By | 2018-04-04T08:52:34+00:00 April 4th, 2018|Dedman College of Humanities and Sciences, Dedman College Research, Faculty News, Psychology|Comments Off on Moving toward greater security: The effects of repeatedly priming attachment security and anxiety

New study finds couples do poorly at knowing when their partner is sad or feeling down

SMU News Originally Posted: March 5, 2018 How well do couples pick up on one another’s feelings? Pretty well, when the emotion is happiness, says a psychologist at Southern Methodist University, Dallas. But a new study finds that couples do poorly when it comes to knowing their partner is sad, lonely or feeling down. “We found that when it comes to the normal ebb and flow of daily emotions, couples aren’t picking up on those occasional changes in ‘soft negative’ emotions like sadness or feeling down,” said family psychologist Chrystyna D. Kouros, lead author on the study. “They might be missing important emotional clues.” Even when a negative mood isn’t related to the relationship, it ultimately can be harmful to a couple, said Kouros, an associate [...]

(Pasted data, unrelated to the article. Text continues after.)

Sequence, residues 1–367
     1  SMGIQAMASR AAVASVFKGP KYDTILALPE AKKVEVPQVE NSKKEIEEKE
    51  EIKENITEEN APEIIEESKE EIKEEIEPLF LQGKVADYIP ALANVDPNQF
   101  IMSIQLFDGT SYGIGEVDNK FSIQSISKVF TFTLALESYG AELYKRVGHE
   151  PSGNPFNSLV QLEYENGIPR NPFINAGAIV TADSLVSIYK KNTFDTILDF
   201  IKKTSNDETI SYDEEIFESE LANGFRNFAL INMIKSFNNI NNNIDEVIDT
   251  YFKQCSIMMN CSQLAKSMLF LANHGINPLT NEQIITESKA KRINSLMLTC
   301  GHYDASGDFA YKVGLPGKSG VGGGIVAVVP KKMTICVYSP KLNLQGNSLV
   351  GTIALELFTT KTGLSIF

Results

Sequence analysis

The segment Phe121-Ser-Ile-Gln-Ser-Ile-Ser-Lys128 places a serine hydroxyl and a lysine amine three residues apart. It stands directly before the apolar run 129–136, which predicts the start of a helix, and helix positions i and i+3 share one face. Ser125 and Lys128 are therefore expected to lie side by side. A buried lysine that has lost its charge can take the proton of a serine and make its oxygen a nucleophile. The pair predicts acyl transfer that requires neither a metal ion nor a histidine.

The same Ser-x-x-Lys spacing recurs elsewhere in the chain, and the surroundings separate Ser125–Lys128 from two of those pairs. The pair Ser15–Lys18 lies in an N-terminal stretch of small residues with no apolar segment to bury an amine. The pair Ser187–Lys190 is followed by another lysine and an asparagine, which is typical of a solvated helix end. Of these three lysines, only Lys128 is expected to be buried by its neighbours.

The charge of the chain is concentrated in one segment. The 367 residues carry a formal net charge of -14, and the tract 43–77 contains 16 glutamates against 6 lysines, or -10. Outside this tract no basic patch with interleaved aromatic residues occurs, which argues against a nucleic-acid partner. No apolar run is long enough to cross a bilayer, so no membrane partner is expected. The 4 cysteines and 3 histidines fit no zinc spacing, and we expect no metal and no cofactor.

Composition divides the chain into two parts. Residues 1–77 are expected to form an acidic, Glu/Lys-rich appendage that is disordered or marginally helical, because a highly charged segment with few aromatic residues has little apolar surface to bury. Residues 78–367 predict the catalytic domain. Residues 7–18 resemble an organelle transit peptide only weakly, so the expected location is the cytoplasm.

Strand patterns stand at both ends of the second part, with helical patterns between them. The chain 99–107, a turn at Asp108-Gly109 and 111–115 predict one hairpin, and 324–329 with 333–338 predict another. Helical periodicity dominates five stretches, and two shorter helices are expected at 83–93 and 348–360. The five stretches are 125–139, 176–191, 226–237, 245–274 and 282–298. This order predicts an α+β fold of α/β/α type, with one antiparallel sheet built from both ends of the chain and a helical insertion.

By | 2018-03-13T06:49:40+00:00 March 13th, 2018|Anthropology|Comments Off on New study finds couples do poorly at knowing when their partner is sad or feeling down

12 Dedman College professors receive 2018-19 Sam Taylor Fellowships

SMU Forum Originally Posted: December 15, 2017 Twenty-five SMU faculty members have received 2018-19 Sam Taylor Fellowships from the Sam Taylor Fellowship Fund of the Division of Higher Education, United Methodist General Board of Higher Education and Ministry. The Fellowships, funded by income from a portion of Taylor’s estate, award up to $2,000 for full-time faculty members at United Methodist-related colleges and universities in Texas. Any full-time faculty member is eligible to apply for the Fellowships, which support research, “advancing the intellectual, social or religious life of Texas and the nation.” Applications are evaluated on the significance of the project, clarity of the proposal, professional development of the applicant, value of the project to the community or nation and the project’s sensitivity to value questions [...]